Too Cool for Old School?


So a little puff piece showed up on the BBC news page about a young couple who like vintage stuff. OK so I am perhaps old enough to know that the internet, particularly Twitter, is full of funsponges who can’t just leave other people alone, but the level of bellowing and stomping this story attracted seems… a little bit disproportionate. These two seem harmless and rather sweet, and their comments about preferring an inexpensive, simple wedding and that vintage clothing is often more durable and better made than most modern clothes are quite reasonable. They are not even, at least not according to the article, pushing merch or seeking ‘influencer’ clout for a side hustle (not that there is anything inherently wrong with that, either – a lovely young chap of my acquaintance has not only made himself a decent career via his love of Regency style but remains outspokenly progressive in his content. Check out Pinsent Tailoring if you’re interested…).

It’s possible that some of the negativity is coming from people who have had their feeds overly cluttered by the less sweet and harmless nostalgia that is also doing the rounds: the ‘things were better then’ memes that are heavily contaminated with racism, misogyny and homophobia, or perhaps those who skim read this or can’t remember its rather more balanced view of how the popularity of nostalgia works these days. But some of it seems to be the usual outrage at anyone who doesn’t particularly try to fit in with the ‘normal’ world. It hasn’t changed that much since the 90s, when the huge growth of cable TV meant more and more filler shows were hunting for ‘content’ and would send theirvintage researchers everywhere to seek out ‘interesting’ people… and take the piss out of them. Anyone willing to talk (and sometimes there would be financial incentives) found that they were treated as interesting… but not necessarily treated as *people*. Neither the media presenters, interviewers, researchers etc nor the audience at home were expected to find much in common with those who were set up as, effectively, Weirdo of the Week; real people do not dress unfashionably, seek out unusual food, cars or household decor, nor do they pretend to be someone or something else with their friends.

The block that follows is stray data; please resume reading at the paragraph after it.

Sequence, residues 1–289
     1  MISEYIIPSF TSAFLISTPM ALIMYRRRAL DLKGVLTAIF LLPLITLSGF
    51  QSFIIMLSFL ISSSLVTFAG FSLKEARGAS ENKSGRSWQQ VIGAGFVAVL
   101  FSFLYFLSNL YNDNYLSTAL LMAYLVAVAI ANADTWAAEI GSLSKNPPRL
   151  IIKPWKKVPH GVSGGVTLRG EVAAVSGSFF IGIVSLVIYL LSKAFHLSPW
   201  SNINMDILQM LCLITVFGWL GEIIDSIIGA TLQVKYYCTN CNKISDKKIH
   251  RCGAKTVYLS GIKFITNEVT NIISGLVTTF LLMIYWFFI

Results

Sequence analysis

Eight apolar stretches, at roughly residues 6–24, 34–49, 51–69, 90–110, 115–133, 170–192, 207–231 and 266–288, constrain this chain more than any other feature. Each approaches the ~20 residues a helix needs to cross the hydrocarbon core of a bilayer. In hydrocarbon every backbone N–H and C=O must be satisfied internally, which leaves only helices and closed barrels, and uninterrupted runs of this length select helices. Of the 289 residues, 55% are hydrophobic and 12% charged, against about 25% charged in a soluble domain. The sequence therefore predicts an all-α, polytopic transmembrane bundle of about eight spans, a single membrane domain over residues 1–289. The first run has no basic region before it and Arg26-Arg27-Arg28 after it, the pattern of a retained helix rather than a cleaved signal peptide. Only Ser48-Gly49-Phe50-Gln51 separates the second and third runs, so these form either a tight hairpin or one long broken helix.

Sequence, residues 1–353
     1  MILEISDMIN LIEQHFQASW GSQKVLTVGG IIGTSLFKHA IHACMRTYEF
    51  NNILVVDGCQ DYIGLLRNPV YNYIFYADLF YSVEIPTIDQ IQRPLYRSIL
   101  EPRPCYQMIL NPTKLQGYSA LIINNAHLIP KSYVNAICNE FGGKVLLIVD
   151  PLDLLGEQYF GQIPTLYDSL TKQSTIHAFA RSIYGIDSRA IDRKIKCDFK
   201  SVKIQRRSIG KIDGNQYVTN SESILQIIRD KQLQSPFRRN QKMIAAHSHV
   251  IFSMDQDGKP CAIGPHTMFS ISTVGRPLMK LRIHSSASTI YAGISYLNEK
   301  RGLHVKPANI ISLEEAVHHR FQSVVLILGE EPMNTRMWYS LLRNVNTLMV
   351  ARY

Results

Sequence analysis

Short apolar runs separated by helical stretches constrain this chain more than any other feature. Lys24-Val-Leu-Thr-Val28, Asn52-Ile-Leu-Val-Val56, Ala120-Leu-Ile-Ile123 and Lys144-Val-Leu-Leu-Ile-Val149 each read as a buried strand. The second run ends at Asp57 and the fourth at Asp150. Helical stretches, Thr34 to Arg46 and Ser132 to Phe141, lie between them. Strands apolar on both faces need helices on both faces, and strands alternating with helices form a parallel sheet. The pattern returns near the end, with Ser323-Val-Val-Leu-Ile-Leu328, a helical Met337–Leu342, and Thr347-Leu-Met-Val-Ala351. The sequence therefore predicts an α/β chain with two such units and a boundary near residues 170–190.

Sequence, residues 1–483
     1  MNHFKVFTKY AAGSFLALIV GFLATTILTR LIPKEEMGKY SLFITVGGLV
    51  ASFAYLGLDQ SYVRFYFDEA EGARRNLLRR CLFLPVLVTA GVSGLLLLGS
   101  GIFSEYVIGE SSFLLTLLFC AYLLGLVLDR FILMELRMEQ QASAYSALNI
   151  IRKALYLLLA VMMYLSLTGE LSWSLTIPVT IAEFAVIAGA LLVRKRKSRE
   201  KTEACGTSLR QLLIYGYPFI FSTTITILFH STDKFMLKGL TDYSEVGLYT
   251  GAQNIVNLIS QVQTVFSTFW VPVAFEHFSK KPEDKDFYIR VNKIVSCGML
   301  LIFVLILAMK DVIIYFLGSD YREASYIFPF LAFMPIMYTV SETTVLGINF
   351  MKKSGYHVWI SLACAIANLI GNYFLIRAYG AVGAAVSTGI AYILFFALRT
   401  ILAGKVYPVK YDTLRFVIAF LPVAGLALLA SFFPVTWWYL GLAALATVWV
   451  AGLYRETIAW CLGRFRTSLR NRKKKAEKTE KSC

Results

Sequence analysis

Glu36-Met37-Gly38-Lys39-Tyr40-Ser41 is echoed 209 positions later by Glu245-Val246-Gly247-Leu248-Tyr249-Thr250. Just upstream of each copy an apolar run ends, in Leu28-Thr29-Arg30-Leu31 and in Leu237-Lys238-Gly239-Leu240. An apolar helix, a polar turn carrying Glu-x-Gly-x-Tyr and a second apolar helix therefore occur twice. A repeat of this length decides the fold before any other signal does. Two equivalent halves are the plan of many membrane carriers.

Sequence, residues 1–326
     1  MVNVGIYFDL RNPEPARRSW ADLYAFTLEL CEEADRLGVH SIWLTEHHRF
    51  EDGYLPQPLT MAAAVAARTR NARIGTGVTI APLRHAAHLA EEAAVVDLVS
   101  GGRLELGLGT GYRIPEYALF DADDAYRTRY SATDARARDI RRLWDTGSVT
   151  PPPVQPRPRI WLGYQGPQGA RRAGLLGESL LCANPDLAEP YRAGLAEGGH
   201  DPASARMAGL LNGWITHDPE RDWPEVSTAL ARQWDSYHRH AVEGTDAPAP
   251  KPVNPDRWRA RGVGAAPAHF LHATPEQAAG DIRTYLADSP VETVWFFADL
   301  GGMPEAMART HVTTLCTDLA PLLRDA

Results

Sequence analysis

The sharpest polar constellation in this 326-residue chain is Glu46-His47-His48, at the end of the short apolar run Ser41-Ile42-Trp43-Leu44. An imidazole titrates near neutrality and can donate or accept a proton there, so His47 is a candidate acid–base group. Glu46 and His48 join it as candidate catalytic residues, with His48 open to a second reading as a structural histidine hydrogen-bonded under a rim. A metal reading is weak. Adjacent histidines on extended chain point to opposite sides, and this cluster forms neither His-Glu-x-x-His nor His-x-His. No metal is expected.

Yet the question keeps coming back: well, why NOT? What harm does a bit of cosplay or imagination do?

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